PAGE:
When the National Institutes of Health comes across an idea that seems too big, or too risky, for traditional modes of scientific investigation, the agency turns to its Common Fund program. This is where high risk, high reward programs that no organization would ordinarily take a chance on can find funding. And it’s paying off.
The Common Fund began in 2004, when NIH’s then-Director Elias Zerhouni called on the directors of various institutes and centers within NIH to create a corporate strategy for scientific planning. These directors all brought programs designated as high risk, high reward to the table, and together they decided to devote one percent of NIH funding to them.
“It’s not a small amount of money, but it’s a small percentage,” said Elizabeth Wilder, director of the Office of Strategic Coordination at NIH said on week one of the Themed Month, featuring Advances in Health Care for the month of September.
Nevertheless, that small percentage is paying big dividends in the world of health care research. Dividing into four separate initiatives in the dozen years since its inception, the Common Fund has been responsible for research that has changed — or promises to in the near future — how healthcare professionals and citizens alike think about health care.
“One of my favorite programs has been the human microbiome project,” Wilder told Federal News Radio’s Tom Temin. “The human microbiome project sought to understand all of the microbes that live in and on human beings, and to establish how diverse that ecosystem of microbes are and what they do for human biology.”
This project is where all the recent emphasis on “good” versus “bad” bacteria has come from, not to mention the proliferation of such products as probiotics.
Wilder said that the program still is ongoing, and there’s a good deal more research to be done before scientists understand all the implications of the project. For example, she said, researchers are just beginning to understand the connections between the bacteria in the stomach and the functioning of the brain.
Personally, she said the research has made her much more accepting of the microbes in and on her body.
She said it’s programs like these which can’t stand up to the peer review process, but have the potential for huge payoff.
“One of the hallmarks of the programs we support is risk,” she said. “It is a fine line. We want them to be feasible.”
But peer reviewers, she said, like having the freedom to embrace these big ideas.
Another such big idea is research into floating RNA (ribonucleic acid), a strand of amino acids that is used to copy DNA (deoxyribonucleic acid).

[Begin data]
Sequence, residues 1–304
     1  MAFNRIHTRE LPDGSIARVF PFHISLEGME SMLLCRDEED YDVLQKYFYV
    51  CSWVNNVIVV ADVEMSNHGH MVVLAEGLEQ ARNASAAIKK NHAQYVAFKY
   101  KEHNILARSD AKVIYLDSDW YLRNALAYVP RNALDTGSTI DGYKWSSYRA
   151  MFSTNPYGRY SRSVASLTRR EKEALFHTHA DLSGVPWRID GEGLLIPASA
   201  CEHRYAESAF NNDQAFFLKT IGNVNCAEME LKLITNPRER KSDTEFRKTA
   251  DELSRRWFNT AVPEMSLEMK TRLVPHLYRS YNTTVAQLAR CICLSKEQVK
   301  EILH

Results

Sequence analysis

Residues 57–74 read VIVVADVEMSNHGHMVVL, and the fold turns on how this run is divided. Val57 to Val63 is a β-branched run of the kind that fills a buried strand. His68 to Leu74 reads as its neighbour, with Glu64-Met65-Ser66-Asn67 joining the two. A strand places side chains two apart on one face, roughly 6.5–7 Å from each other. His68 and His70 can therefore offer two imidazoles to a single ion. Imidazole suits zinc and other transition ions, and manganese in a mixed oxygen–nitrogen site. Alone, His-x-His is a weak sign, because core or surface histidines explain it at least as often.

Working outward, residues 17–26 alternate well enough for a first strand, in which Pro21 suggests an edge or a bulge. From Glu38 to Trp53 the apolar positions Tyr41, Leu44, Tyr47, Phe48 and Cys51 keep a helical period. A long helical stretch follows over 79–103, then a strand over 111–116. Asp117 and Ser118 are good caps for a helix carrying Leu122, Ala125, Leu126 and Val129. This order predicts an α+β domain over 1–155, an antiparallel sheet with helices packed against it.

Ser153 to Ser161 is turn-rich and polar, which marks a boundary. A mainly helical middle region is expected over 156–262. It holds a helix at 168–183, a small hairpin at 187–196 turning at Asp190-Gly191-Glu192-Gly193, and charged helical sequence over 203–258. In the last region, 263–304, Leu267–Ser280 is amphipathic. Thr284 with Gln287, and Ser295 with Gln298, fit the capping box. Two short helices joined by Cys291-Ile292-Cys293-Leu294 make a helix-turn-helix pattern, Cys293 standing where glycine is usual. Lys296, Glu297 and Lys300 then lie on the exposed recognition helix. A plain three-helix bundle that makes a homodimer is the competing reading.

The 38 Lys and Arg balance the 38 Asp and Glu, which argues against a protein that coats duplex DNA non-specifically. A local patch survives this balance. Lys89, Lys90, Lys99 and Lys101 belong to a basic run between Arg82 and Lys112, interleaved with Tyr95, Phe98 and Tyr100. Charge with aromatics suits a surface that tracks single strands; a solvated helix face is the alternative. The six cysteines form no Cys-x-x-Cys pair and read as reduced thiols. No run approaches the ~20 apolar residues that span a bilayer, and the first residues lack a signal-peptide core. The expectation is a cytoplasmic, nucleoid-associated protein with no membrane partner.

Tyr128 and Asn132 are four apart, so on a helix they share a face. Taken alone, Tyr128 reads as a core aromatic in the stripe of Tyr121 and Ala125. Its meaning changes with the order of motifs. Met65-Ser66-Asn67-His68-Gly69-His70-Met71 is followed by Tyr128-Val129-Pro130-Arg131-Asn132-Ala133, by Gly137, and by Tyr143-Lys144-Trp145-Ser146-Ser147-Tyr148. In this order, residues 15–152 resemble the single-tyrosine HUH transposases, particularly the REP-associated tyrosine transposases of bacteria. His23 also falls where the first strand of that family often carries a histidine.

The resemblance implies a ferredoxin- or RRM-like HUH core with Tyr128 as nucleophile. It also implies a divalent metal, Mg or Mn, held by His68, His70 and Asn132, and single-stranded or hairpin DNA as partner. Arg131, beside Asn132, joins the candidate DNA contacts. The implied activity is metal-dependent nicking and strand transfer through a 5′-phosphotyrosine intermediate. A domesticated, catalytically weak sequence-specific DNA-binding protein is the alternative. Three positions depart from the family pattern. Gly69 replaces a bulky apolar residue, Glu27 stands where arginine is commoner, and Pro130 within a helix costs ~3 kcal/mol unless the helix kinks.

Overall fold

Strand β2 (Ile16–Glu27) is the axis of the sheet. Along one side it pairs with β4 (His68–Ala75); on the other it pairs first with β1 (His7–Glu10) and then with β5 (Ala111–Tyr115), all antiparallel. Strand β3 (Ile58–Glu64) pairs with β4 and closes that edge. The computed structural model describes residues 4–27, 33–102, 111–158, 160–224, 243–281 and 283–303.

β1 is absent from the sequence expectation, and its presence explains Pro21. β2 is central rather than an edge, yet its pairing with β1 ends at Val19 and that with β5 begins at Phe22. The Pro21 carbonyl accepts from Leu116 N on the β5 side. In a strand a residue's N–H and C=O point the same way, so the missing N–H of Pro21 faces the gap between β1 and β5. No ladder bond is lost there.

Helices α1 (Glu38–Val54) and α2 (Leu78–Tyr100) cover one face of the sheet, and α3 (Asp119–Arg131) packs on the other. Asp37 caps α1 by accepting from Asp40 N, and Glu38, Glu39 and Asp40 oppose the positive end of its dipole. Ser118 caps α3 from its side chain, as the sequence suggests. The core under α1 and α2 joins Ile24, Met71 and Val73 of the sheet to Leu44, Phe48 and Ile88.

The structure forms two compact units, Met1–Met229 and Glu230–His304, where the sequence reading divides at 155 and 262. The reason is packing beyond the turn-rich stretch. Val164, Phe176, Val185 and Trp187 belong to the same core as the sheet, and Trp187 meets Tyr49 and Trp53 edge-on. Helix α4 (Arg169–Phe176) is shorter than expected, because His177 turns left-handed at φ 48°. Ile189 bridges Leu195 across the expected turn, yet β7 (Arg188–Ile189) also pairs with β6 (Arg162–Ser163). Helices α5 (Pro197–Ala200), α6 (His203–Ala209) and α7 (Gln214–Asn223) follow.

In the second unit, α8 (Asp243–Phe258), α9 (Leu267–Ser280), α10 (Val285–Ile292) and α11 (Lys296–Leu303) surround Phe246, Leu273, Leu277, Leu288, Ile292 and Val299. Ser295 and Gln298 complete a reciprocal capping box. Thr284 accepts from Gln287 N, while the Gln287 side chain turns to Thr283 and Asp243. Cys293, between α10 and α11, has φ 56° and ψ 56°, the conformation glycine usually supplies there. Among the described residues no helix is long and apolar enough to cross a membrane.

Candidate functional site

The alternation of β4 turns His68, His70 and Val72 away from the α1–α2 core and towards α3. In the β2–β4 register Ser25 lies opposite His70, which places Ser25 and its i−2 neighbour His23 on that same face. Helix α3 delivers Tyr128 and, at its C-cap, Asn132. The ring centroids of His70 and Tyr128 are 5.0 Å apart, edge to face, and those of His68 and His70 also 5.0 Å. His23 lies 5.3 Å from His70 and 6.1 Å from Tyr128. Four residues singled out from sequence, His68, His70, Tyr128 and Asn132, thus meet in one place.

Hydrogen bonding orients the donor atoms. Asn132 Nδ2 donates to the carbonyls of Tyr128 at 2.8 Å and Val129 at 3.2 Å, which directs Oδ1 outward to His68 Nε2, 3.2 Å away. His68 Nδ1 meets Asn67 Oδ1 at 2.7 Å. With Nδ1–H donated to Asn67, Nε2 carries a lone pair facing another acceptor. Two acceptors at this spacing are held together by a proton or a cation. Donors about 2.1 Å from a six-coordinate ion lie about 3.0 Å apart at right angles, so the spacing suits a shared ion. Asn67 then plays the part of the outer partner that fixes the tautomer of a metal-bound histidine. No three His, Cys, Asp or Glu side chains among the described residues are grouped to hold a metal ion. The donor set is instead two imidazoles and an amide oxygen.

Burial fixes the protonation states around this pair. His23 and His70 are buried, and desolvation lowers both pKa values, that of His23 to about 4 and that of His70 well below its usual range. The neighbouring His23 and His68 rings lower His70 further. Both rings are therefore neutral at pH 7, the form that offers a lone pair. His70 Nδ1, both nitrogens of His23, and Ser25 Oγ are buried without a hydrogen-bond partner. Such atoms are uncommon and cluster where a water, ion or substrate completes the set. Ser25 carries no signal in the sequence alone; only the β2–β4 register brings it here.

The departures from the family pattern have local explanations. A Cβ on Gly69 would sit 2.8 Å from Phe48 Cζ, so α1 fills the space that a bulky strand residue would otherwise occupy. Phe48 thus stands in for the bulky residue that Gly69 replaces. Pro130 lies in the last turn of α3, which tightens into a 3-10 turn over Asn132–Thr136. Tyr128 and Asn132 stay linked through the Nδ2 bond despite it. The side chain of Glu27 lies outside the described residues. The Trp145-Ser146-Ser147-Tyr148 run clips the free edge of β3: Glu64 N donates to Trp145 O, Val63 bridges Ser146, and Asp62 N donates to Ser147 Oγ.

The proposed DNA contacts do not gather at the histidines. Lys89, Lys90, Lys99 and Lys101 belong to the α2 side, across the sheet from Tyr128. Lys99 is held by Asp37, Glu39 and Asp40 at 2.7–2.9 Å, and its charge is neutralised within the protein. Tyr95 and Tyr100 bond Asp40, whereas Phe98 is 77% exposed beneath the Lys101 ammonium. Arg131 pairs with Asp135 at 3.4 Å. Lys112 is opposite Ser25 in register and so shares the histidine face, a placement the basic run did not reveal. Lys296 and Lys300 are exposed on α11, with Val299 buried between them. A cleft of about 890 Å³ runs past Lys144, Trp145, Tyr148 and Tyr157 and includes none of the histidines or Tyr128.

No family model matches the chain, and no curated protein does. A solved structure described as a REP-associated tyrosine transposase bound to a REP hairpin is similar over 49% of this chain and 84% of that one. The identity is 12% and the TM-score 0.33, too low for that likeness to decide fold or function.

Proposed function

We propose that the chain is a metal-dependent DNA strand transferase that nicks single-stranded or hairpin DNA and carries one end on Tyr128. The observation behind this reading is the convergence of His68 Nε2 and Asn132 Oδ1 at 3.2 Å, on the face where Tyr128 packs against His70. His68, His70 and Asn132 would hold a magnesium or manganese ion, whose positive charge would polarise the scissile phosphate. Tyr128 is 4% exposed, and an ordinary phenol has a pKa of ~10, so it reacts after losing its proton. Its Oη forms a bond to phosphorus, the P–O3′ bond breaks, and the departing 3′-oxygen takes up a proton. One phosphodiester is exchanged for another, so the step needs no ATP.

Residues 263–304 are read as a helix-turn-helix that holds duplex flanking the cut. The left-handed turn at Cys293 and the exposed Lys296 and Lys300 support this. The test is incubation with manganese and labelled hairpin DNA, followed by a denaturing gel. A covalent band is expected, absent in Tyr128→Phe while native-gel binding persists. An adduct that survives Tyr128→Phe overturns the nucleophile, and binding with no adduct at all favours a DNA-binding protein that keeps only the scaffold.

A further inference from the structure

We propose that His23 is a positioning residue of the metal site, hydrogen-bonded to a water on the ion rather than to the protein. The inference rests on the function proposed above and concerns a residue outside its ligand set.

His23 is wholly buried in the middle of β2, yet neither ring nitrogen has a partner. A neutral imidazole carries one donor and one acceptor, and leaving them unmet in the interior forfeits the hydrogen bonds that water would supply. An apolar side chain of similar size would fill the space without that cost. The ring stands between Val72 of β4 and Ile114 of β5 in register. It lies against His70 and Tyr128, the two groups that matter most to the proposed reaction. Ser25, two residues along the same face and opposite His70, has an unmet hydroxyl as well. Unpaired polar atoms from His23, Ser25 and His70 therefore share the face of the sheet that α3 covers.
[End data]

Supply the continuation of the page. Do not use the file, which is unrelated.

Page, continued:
“One example is we are supporting a program now to try to understand the function of molecules that circulate in our bloodstream and cerebrospinal fluid that are RNA molecules that for decades scientists really thought only lived inside a cell,” Wilder said. “But we now know they float around, and we know they can be taken up by other cells, and they have a function. But we don’t really understand what those functions are.”
Wilder said that the idea of free-floating RNA, which circulate and provide functions remotely, is a new concept that includes a level of risk most peer review groups aren’t willing to take. So it falls to the NIH Common Fund instead.
Another example of such a program is the genotype tissue expression research, or GTEx project.
In this case, Wilder said, a number of studies across NIH correlated changes in DNA sequence with susceptibility to many diseases. But the changes didn’t lie within the genes themselves, but in “mystery DNA” that exists outside, much like the aforementioned free-floating RNA.
But because the research required tissue from organs like the heart and liver, locating living donors was problematic. So, through the Common Fund, NIH coordinated a program to collect cadaveric tissue samples and perform strict quality control measures. Now the research is starting to produce correlations.
The most basic requirement of programs like these, besides the high level of risk, is that they must support science that is relevant to many or all institutes across NIH. Similarly, the research may be conducted by many different institutes, or even outside research organizations. In fact, Wilder said, much of the funding for these programs goes outside the NIH.
It falls to the Office of Strategic coordination to bring all these disparate parts together, organizing these collaborative efforts into a holistic picture that can change the landscape of health care. It’s a particularly exciting division of what many already consider to be an exciting agency, Wilder said.
“I think probably the best job with NIH is probably the NIH director’s job,” Wilder said. “But I like my job a lot.”